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Hong Kong property deals plunge as exuberance over scrapping of curbs fades

Hong Kong property deals plunge as exuberance over scrapping of curbs fades
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Hong Kong property deals fall by a quarter as exuberance over scrapping of cooling measures fades

Hong Kong’s property sales fell by a quarter in May, the latest official data shows, as analysts said the initial exuberance over the lifting of property cooling measures had started to wear off.

Some 7,361 new and lived-in homes, car parks, shops, office and industrial units changed hands in May, down by 25.5 per cent from April, according to Land Registry data released on Tuesday. The total value of property sales plunged 25.8 per cent to HK$62.28 billion (US$7.9 billion).

From a year ago, both the number and value of property transactions were still higher by about 40 per cent.

Sales of residential units plummeted 35.1 per cent to 5,546 in May, but were up by 38.54 per cent from a year earlier.

The boost that stemmed from the scrapping of property curbs at the beginning of March appeared to be tapering off.


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In March and April, property deals rose on a monthly basis. In particular, the April sales – the highest since July 2021 when 9,957 units were sold – were roughly double the number in March, which marked the first full month of a restriction-free property market.

The prices of Hong Kong’s secondary homes have so far largely reflected the new-found optimism, increasing by an aggregate 2 per cent since February, official data shows.

“Overall trading has returned to a more rational state, but it is expected to remain better than the sluggish market conditions before the withdrawal of the cooling measures,” said Derek Chan, head of research at Ricacorp Properties.

“It is expected that the overall property transaction registration volume in June will only fall by about 3 per cent month on month, and will maintain the level of 7,000 units.”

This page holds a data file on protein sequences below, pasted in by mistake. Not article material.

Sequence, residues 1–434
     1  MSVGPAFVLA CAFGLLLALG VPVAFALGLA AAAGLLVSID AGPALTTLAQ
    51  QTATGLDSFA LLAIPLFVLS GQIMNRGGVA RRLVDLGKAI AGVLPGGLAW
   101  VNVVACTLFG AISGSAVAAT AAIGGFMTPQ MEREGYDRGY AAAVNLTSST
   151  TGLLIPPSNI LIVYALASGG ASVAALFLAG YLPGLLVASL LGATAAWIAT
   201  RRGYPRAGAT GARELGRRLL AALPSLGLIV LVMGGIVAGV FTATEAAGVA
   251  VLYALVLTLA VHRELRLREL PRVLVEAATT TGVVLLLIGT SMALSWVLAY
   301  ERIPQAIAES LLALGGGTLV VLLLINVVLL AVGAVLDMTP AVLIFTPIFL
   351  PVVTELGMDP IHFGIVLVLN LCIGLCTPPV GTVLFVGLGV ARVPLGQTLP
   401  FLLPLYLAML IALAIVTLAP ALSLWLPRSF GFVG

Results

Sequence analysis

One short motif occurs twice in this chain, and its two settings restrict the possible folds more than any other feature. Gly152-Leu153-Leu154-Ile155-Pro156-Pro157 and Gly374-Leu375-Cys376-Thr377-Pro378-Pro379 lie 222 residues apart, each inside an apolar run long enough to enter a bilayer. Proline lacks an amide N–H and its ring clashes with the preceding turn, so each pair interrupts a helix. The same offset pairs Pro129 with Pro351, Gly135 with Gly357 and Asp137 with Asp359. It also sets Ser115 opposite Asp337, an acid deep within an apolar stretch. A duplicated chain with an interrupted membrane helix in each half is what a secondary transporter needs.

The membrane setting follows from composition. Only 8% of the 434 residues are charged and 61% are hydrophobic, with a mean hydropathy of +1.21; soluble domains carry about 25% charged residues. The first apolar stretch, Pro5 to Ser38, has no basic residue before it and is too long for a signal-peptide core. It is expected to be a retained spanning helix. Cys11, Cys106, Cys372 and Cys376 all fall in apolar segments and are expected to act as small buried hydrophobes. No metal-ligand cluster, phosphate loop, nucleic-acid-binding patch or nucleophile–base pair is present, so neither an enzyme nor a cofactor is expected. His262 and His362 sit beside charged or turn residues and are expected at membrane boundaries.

With more than 7,000 new homes sold in the three months since the property restrictions were relaxed, it was natural for the market to “take a breath”, said Eddie Kwok, executive director, valuation and advisory services at CBRE Hong Kong.

In May, fewer units were launched compared to April, Kwok added.

“Developers mainly pushed their old inventory for sale during the month,” he said. “With several new projects in the pipeline awaiting launch, we expect developers to adjust their pricing strategy as buyers are mainly attracted by discounts and incentives.”

Kwok expects property deals to decline further in June.

For Habitat Property, which sells luxury lived-in homes, demand had picked up in recent weeks, said Victoria Allan, its managing director and founder.

“Most of the demand is coming from Hong Kong and mainland Chinese buyers,” she said. “I think this is because sellers are becoming more realistic and are willing to cut about 15 per cent from their original asking price.”

Although interest rates remain at a near 23-year high in Hong Kong, many potential buyers believe a rate cut is likely to come in the first half of 2025.

“The vendors are recognising that there is not likely to be a significant increase in prices because both the mainland China and Hong Kong economies are still sluggish,” said Allan.

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